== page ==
{thread} Time to livetweet my reading #ScrewConsent: A Better Politics of Sexual Justice by Joseph Fischel. I’d already started so I’ll go back and yank some highlights. Follow along and let’s chat about it! If you’ve read it or haven’t, I’d love for y’all to weigh in. #AidaReads
I’m excited that this book aims to be accessible and compelling but doesn’t cut out fancy pants terminology all the way out. Also it gives a lot of good acknowledgements across the board so it’s not just a circle jerk of the usual suspects or pretending “I did this solo!”
First neat term: “Democratically hedonic culture” meaning “A world where access to pleasure and intimacy is not so systematically and unfairly apportioned to the privileged few.” #DownForIt
“The more accurate and accessible sexual information for young folks, the better, and the more we can destigmatize sex talk, the more likely we are to have pleasurable, not just bearable, sexual experiences.”
That said, he’s here to critique the focus on consent and the ways it’s been deployed in various arenas including sex ed. As someone who gets WHY we moved to “enthusiastic consent” but doesn’t want us to stop/stay there because it’s too simplistic, I’m excited for this.
(Also can we just talk about how many puns are in just the first few pages? This guy seems ridiculous in a way I enjoy 😂) He’s warning us against collapsing “consent into desire into pleasure” which is spot on TBH. They’re not all the same thing though they can overlap!
To clarify, he adds: “I do not mean *fuck consent, go ahead and have whatever snacks you wish, unimpeded.* Nor do I advocate screwing, as in jettisoning, consent as a core component of sexual assault law.” Where he advocates that we screw consent is in our sex *politics*
Some of his critiques:
- “[consent’s] conceptual thinness has been remedied by increasingly more robust, sometimes ridiculous redefinitions of consent as enthusiastic, imaginative, creative yes-saying.” Meh redefs aren’t Bad but we should be careful w/ loading terms too hard.
- the above then leading to “a cultural coding of not enthusiastically desired sex as sexual assault” (which, yes, I’ve seen and is a trash hot take and way oversimplified)
- making consent primary in these convos obfuscates / doesn’t address how even consensual sex can be awful
(And how often the burden of awful yet consensual sex is borne by women, which yeah is super fair)
Then there’s pages devoted to campus consent legislation. He names some popular concerns including state overreach into people’s private lives & the bureaucratization of sex while telling hyperbolic academics to calm the hell down with their oMg ALL sEx Is FaSt ApPrOaChInG rApE.
He also cautions people freaking out about consent being so re-defined and regulated, that there is a difference between what institutions say is ideal / a goal versus what is punishable as an offense in student codes of conduct. But to watch, either way, what norms are promoted.
He believes that affirmative consent is the best model we have thus far in the legal terrain, & that if people are worried about state overreach and make that THE sole talking point, this seems like a weird hill to die on when there are SO many other ways states overreach.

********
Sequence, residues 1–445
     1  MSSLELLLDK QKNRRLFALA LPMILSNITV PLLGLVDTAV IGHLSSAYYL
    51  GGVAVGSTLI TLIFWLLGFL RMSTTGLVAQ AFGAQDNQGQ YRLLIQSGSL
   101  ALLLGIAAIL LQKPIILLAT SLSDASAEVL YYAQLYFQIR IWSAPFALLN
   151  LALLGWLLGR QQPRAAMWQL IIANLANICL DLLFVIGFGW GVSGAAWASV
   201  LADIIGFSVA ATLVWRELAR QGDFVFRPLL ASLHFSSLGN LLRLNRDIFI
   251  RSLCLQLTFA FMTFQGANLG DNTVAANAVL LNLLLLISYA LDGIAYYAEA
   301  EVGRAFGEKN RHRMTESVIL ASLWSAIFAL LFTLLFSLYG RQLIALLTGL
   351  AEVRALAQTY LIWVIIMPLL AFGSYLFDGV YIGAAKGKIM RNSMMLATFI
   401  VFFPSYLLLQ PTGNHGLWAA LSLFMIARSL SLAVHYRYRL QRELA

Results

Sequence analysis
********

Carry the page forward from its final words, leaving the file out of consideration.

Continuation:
Unsurprisingly, sex being a taboo topic for many means that anything that involves it automatically gets wackier and more intense than its non-sexual counterparts/equivalences. Sex is both special and not, hyper visible & invisible. This is why it’s an area of focus for me 😁
Anyway. He basically urges us to consider this but also see where the biggest problems still are: disbelief of survivors, unreported incidents, lax enforcement / consequences for assault, how racialized punishment is, epidemic rates of violence, criminal system discouraging vics.
So thus far I’m into how he’s writing about all this. Seems he’s down to consider varied perspectives and pull out the nuggets without falling prey to black and white thinking on it. (You know I love me some nuance y’all.)
That said, when he tackles the Consent and Tea vid or “consent is sexy” I think he leaves a lot to be desired. Meh. I think consent and the process of getting it can be SUPER hot and sexy, but they don’t HAVE or NEED to be to be important yknow? But yes consent isn’t EVERYTHING.
He’s right, that when we collapse the complexity of sexual interactions and put primacy on consent to the detriment of other things, it’s not helpful. Surprisingly, Catherine MacKinnon (who uh has many views I find objectionable) does have some spot on critique about this:
In his wording of her ideas, “ if women’s choices are so constrained, if women are enculturated to be passive and to please others, then their ‘consent’ is not nearly as morally transformative as the good liberal would like.” Which I agree with! We MUST LOOK AT THE MACRO!
“In the real world structured by sex inequality and regressive gender norms, we must much more deeply question the voluntariness of all allegedly voluntary sex and the supreme transformative power we assign to consent.” And to me this ties to labor rights & sex work as well!
There are so many people that focus on how voluntary or not sex work is, but completely ignore or miss the point when we think about how voluntary ANY jobs are under capitalism. Again, because something has sex in it the focus and framing get wacky and feel “special.”